Which others think she wants.

I would, but fear I never shall,

With either fair agree ;
For Calia will be kind to all,

But Chloe won't to me.

GET UP AND BAR THE DOOR.

It fell upon a Martinmas time,

And a gay time it was then,
When our goodwife got puddings to make,

And she boiled them in a pan.

The wind sae cauld blew south and north,
And blew into the floor

;
Quoth our goodman to our goodwife,

“Get up and bar the door.”

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“My hand is in my hussy's skap,

Goodman, as you may see ;.
An' it should na be barred this hundred year,

It's no be barred, for me."
They made a paction 'tween them twa,

They made it firm and sure,
That the first word whae'er should speak

Should rise and bar the door.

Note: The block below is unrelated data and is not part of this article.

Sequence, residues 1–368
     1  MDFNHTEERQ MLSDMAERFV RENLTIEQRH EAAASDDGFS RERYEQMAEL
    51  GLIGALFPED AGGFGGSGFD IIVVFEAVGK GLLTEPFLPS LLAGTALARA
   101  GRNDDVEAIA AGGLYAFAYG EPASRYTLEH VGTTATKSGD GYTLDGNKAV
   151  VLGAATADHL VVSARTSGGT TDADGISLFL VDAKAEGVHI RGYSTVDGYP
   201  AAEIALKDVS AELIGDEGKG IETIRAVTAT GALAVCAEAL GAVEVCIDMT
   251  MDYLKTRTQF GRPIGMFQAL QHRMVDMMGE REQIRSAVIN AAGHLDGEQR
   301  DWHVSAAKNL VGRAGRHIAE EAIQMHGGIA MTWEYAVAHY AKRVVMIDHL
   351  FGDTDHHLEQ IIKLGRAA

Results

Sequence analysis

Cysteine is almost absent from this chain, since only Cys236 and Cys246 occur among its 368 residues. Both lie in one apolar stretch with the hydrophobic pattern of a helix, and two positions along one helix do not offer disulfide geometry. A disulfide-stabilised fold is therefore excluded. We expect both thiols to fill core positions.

Then by there came twa gentlemen,

At twelve o'clock at night;
And they could neither see house nor hall,

Nor coal nor candle-light.

"Now whether is this a rich man's house?

Or whether is it a poor ?"
But ne'er a word would ane o' them speak,

For barring of the door.
And first they ate the white puddings,

And then they ate the black ;
Though muckle thought the goodwife to hersel',

Yet ne'er a word she spak.

Then said the one unto the other;

“Here man, take my knife ; Do ye tak aff the auld man's beard,

And I'll kiss the goodwife.

“ But there's nae water in the house,

And what shall we do then ? What ails you at the pudding bree

That boils into the pan?”

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Oh up then started our goodman,

An angry man was he ; " Will ye kiss my wife before my face,

And sca'd me wi' pudding bree?” Then up then started our goodwife,

Gi’ed three skips on the floor ; “Goodman, you've spoken the foremost word!

Get up and bar the door!”